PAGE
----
• Contrary to common stereotypes, there is no single profile of a person who accepts the paranormal.
  • It might be in our nature to look for patterns and meaning in strange and random events.

It’s that time of year again. Ghosts, goblins and other spooky characters come out from the shadows and into our everyday lives.

For most people, the thrill lasts for a few weeks each October. But for true believers, the paranormal is an everyday fact, not just a holiday joke.

To understand what drives some people to truly believe, two sociologists visited psychic fairs, spent nights in haunted houses, trekked with Bigfoot hunters, sat in on support groups for people who had been abducted by aliens, and conducted two nationwide surveys.

Contrary to common stereotypes, the research revealed no single profile of a person who accepts the paranormal. Believers ranged from free-spirited types with low incomes and little education to high-powered businessmen. Some were drifters; others were brain surgeons.

paranormal_america_book_300pxWhy people believed also varied, the researchers report in a new book, called “Paranormal America: Ghost Encounters, UFO Sightings, Bigfoot Hunts, and Other Curiosities in Religion and Culture.”

For some, the paranormal served as just another way of explaining the world. For others, extraordinary phenomena offered opportunities to chase mysteries, experience thrills and even achieve celebrity status, if they could actually find proof.

“It’s almost like an adult way to get that kidlike need for adventure and exploration,” said co-author Christopher Bader, of Baylor University in Waco, Texas. “Other people are sitting at home and renting videos, but you’re sitting in a haunted house that is infested with demons.”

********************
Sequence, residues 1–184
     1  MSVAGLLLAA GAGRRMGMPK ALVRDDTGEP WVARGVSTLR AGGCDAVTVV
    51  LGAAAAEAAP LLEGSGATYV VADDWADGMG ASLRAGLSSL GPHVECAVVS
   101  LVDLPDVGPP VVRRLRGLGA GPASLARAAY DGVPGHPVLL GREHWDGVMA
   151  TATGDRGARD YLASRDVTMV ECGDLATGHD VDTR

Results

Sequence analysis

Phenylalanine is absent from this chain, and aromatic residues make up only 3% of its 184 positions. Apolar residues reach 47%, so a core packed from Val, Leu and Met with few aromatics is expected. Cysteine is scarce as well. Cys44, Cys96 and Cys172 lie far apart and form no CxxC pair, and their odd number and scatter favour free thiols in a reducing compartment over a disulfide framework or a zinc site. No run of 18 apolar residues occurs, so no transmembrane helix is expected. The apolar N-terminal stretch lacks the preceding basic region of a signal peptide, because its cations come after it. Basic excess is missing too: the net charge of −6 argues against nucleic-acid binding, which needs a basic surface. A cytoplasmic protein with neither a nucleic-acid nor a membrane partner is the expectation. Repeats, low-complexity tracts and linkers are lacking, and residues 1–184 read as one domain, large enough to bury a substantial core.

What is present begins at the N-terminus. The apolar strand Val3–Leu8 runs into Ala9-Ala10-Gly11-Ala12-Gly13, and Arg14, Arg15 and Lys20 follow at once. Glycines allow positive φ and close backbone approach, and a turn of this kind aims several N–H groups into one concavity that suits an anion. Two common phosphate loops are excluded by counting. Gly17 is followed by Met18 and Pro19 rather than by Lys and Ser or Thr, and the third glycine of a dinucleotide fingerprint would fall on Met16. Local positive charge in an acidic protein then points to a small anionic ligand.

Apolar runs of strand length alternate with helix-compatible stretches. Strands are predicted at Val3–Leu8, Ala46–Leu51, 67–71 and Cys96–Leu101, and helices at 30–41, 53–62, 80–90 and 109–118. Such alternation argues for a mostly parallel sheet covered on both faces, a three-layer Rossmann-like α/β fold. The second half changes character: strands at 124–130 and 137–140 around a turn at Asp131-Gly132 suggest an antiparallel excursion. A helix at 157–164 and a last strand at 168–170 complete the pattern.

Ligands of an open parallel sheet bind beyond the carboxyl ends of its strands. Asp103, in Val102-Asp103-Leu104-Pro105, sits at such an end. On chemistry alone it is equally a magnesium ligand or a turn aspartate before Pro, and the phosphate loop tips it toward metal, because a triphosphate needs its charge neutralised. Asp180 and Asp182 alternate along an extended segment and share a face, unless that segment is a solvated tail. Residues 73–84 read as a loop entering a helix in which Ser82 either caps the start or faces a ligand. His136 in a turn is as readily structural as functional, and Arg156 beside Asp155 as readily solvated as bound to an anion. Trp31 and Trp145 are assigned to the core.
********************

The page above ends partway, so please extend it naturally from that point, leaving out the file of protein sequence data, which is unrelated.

“These guys who are hunting Bigfoot are out chasing a monster,” he added. “I could see the real appeal in going out for weekend and never knowing what you might find.”

There is no hard data on how common it is to believe in the paranormal, which Bader and co-author Carson Mencken define as beliefs or experiences that are not fully accepted by science or religion.

But trends in television programming offer a sense that there is a widespread interest in . . .

MORE . . .

Psychic Secrets

Jamy_Ian_SwissBy Jamy Iam Swiss via randi.org

The secret is out: professional storefront psychics are mostly comprised of fakes, frauds, cheats, and con artists. Step into a psychic storefront – especially in New York City or Southern Florida where organized criminal elements of the Romani (gypsy) culture is a significant presence – at your own extreme risk.

Second psychic in Hingham fraud probe surrenders to police - Quincy, MA - The Patriot LedgerWell, maybe that doesn’t seem like a secret to many skeptics, but the fact is that since the inception of the modern skeptic movement, skeptics have pursued and possessed specialized knowledge in the realm of paranormal claims such as psychic phenomena. Of course, skeptics are interested in a vast panoply of pseudoscience – a glance down the list of subjects at the Skeptic’s Dictionary [skepdic.com] will produce an alphabetical list of nonsense, from the doofus to the deadly, “From Abracadabra to Zombies,” as it says on the home page.